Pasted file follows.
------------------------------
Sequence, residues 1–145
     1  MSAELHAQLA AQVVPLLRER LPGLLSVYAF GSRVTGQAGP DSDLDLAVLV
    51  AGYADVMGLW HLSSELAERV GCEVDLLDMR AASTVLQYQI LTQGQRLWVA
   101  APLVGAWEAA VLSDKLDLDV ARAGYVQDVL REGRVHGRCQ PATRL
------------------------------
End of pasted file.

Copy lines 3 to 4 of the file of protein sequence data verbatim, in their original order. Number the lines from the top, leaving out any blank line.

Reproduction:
    51  AGYADVMGLW HLSSELAERV GCEVDLLDMR AASTVLQYQI LTQGQRLWVA
   101  APLVGAWEAA VLSDKLDLDV ARAGYVQDVL REGRVHGRCQ PATRL